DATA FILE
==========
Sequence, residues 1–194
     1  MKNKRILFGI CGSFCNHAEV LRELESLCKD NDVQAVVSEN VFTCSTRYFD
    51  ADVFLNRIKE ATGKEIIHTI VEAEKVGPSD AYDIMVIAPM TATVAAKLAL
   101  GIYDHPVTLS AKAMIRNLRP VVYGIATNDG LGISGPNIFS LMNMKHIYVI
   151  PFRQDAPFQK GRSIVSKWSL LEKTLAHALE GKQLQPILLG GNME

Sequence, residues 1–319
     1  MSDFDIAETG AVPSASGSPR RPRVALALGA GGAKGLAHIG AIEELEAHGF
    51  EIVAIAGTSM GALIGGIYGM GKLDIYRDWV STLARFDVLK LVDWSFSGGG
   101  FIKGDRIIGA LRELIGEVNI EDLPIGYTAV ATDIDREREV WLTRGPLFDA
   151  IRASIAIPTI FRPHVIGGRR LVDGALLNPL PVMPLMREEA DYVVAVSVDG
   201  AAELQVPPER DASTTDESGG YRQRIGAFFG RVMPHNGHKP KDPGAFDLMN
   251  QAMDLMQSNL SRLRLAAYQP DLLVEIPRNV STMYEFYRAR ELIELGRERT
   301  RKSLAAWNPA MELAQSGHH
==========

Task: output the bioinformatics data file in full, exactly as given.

Sequence, residues 1–194
     1  MKNKRILFGI CGSFCNHAEV LRELESLCKD NDVQAVVSEN VFTCSTRYFD
    51  ADVFLNRIKE ATGKEIIHTI VEAEKVGPSD AYDIMVIAPM TATVAAKLAL
   101  GIYDHPVTLS AKAMIRNLRP VVYGIATNDG LGISGPNIFS LMNMKHIYVI
   151  PFRQDAPFQK GRSIVSKWSL LEKTLAHALE GKQLQPILLG GNME

Sequence, residues 1–319
     1  MSDFDIAETG AVPSASGSPR RPRVALALGA GGAKGLAHIG AIEELEAHGF
    51  EIVAIAGTSM GALIGGIYGM GKLDIYRDWV STLARFDVLK LVDWSFSGGG
   101  FIKGDRIIGA LRELIGEVNI EDLPIGYTAV ATDIDREREV WLTRGPLFDA
   151  IRASIAIPTI FRPHVIGGRR LVDGALLNPL PVMPLMREEA DYVVAVSVDG
   201  AAELQVPPER DASTTDESGG YRQRIGAFFG RVMPHNGHKP KDPGAFDLMN
   251  QAMDLMQSNL SRLRLAAYQP DLLVEIPRNV STMYEFYRAR ELIELGRERT
   301  RKSLAAWNPA MELAQSGHH